Rifkin came to the United States from the Soviet Union with her husband, Victor, and their two kids, Ilya and Masha, with eight suitcases and $90 in 1988. She got a job as a mechanical engineer at Kronos, a maker of labor-management software. Ilya was in eighth grade when Rifkin says she started to question his motivation in school. His grades were fine, but not great; she assumed he was being lazy. “So I looked at what he was learning,” she says. “The math wasn’t up to my standards. He did not know things I thought he should know by then.” The lessons lacked cohesive flow; they were disconnected from one to the next and the process focused more on getting to the correct answer than understanding how to get there. No wonder Ilya wasn’t motivated, she thought, and of course he and his friends all hated math—the material was prescribed, rote, and very dull. Rifkin started talking to other parents. “Slowly, I came to the realization that it’s not that he’s lazy,” she says. “He takes advantage of everything that’s offered to him. But not much is offered to him.”
Rifkin started tutoring her son and some of his friends after work using lessons she remembered from an elite mathematics school that she’d attended in Minsk. The kids seemed to respond, and she began to think of ways to offer lessons to even more students, envisioning a structured program with teachers who would demand respect from their students and a math curriculum that would make learning fun—and effective. “Not something where someone comes to your house and your child feels like, My parents pay you money so you do what I tell you to do,” which could not be more American, she says.
Her first step: Find a teacher. “I started to ask around, ‘Who knows good teachers from back in the Union?’” she says. In response, a few people told her that somebody told them that somebody had mentioned a woman named Irina. Then 47, Khavinson had been a math teacher for 15 years in St. Petersburg, then known as Leningrad. In Boston, she was working as an accountant and tutoring kids on the side, using a mix of Russian textbooks and lessons she’d developed on her own.
In December 1997, not long after teaming up, Khavinson and Rifkin advertised a meeting at Temple Beth Elohim in Wellesley to talk about the state of their children’s math education. Six hundred people showed up, mostly Russian-Jewish immigrants. Rifkin stood before them and presented her idea for the Russian School of Mathematics. She talked about building a community based on a common need, a place where kids could learn math and play together, and parents could get acquainted with one another. She didn’t have to explain to fellow Russians why math was important. To them, Rifkin says, math is what puts minds in order. What’s more, for immigrant families, STEM is considered a lifeline and the pathway to success in the United States. “I said, ‘We know what good mathematics is. Let’s try to do that here for our kids,’” she recalls. One Newton mom, Olga Dadasheva, stood up and said she recognized the problem, but asked what made Rifkin think she was the one who could solve it. “And I said to her,” Rifkin recalls, “‘You pretty much don’t have any other choice but to let me try.’”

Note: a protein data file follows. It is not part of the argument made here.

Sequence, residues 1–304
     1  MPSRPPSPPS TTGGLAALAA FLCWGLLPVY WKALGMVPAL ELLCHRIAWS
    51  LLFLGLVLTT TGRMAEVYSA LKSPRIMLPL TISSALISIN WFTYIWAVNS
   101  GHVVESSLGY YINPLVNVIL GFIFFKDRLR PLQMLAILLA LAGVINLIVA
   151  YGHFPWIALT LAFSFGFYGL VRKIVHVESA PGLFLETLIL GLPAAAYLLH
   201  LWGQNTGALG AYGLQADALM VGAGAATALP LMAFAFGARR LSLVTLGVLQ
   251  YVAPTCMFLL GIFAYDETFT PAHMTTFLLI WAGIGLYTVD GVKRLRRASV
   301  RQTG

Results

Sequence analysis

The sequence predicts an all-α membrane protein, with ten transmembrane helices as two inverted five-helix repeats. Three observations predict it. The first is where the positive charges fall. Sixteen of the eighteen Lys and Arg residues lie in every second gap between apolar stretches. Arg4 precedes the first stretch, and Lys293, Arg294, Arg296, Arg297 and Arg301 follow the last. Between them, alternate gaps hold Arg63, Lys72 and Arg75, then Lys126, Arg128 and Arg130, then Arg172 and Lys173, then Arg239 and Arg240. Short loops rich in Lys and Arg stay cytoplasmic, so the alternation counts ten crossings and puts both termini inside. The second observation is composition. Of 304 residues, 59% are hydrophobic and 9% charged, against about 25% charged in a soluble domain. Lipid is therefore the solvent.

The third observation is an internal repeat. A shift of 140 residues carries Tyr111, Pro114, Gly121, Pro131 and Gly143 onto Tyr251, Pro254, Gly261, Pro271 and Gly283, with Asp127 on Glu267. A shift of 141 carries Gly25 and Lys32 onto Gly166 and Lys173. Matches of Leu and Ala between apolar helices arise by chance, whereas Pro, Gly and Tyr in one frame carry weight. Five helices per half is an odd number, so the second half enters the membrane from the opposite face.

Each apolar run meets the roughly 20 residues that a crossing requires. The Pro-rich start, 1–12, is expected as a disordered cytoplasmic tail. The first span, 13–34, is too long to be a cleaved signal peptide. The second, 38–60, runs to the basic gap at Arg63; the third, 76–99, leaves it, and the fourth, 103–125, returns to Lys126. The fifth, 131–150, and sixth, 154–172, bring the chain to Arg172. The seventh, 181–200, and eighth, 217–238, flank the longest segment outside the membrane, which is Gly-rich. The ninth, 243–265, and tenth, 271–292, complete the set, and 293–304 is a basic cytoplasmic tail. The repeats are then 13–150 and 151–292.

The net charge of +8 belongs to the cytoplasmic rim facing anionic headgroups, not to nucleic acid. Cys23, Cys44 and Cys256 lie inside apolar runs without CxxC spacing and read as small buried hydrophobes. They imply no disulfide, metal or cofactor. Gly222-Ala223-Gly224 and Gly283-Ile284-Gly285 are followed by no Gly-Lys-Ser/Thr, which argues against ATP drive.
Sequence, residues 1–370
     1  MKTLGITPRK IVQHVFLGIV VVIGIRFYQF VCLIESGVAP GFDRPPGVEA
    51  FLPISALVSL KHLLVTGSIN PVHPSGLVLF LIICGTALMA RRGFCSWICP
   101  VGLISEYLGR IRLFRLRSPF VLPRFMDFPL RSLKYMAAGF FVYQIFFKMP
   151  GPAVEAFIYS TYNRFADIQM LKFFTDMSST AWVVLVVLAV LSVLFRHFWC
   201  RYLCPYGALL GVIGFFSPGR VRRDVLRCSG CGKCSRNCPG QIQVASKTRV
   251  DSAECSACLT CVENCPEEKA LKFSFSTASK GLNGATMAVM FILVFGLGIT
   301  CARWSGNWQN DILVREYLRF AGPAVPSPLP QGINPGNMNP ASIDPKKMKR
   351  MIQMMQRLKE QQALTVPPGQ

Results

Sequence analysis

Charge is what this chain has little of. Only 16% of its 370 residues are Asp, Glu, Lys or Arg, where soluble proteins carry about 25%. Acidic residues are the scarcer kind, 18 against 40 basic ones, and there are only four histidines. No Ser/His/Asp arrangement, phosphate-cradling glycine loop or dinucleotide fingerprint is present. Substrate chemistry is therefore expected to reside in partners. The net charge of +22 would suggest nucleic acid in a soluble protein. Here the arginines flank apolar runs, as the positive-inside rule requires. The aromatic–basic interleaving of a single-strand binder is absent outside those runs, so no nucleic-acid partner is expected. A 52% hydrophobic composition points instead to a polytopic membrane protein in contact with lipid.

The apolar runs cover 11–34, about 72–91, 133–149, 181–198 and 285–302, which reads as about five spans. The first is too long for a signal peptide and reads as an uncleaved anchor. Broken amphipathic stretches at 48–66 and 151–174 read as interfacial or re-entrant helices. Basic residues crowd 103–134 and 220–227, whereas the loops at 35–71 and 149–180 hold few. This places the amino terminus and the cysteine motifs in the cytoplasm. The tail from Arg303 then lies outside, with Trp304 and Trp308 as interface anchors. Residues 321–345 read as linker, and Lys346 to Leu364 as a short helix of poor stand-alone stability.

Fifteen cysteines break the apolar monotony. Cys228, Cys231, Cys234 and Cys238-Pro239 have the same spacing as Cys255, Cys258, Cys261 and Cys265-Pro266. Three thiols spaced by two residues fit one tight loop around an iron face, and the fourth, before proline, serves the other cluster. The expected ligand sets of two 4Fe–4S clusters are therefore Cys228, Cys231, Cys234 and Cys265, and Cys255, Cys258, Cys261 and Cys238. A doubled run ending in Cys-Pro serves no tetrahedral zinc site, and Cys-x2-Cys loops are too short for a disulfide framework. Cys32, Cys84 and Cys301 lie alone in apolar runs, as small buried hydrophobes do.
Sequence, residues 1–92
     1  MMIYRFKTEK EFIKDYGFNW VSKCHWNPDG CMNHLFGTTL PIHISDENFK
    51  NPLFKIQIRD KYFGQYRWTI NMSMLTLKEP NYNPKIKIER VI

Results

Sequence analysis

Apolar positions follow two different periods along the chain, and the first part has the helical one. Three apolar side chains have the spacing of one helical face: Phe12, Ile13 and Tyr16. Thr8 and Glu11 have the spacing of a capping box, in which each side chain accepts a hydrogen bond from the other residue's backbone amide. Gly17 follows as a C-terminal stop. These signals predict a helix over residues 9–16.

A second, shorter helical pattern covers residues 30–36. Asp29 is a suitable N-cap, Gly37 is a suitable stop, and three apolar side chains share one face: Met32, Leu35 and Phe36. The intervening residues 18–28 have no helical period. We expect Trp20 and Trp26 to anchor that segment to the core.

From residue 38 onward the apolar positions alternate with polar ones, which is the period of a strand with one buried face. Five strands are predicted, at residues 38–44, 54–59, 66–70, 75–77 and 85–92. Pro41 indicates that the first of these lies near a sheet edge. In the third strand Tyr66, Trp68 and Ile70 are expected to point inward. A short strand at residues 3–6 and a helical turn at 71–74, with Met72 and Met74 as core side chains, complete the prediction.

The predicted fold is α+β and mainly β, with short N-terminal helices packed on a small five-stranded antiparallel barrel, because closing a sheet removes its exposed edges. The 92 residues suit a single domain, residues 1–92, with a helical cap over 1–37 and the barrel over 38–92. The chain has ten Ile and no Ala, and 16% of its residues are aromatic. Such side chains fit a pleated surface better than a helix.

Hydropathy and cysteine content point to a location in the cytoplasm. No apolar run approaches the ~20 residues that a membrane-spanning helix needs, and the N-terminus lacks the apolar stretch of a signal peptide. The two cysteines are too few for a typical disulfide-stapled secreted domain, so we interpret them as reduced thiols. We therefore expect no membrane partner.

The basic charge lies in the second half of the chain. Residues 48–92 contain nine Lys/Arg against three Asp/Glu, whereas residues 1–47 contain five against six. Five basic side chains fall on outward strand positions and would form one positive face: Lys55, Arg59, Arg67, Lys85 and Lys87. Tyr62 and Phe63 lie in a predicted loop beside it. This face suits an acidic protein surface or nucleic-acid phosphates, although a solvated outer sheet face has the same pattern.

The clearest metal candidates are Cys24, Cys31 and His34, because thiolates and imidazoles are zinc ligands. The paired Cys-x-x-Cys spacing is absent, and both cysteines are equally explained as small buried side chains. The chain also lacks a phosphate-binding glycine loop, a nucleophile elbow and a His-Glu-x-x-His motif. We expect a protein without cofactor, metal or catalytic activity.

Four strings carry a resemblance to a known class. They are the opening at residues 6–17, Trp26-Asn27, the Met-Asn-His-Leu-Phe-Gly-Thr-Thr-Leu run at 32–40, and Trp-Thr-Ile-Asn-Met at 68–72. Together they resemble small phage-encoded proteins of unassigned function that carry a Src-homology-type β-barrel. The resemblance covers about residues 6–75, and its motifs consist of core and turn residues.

Dadasheva, who arrived in the U.S. from Moscow in 1989 and was working as a software developer, had been looking for math tutoring for her daughter, who was 12 at the time. “It’s easy to criticize American education in general,” Dadasheva says now. “But Russians in particular have this experience where it has to be hard at school. You have to work very hard and get great marks. And that was missing in American schools, where it was more like, ‘If you can do it, that’s great. If you cannot do it, that’s great, do it tomorrow.’”
That night at the temple in Wellesley, Rifkin and Khavinson convinced 60 students to commit, all children of Russian immigrants. Says Rifkin: “It was less a business than a movement.”
Once RSM students (and their peers) started to see the edge they had over the other kids in school, and the confidence that resulted, more kept coming—Russian students, but also children of Chinese and Indian and European immigrants, too. By February 1998, Rifkin had quit her job at Kronos, and by September of that year, RSM had enrolled 150 students and moved to its first commercial location on Beacon Place in Newton, a two-room space on the second floor, over a hair salon. In 1999, Rifkin took out a home equity loan to buy a small white house with blue shutters on busy Centre Street, onto which her husband installed a large sign that read, The Russian School of Mathematics. It was all the advertising they needed, Rifkin says. In no time, the first Americans started showing up.
Biotech entrepreneur Heidi Wyle was one of them. She and her husband had moved to Weston for the good public schools, she says, but teachers were not teaching math the way she thought they should. “We used to joke that in the Weston schools, it was like, ‘No child allowed ahead,’” says Wyle, whose children are now grown and in their twenties. “They were happy to handle the kids who needed help, but they didn’t want these kids who were really bright.”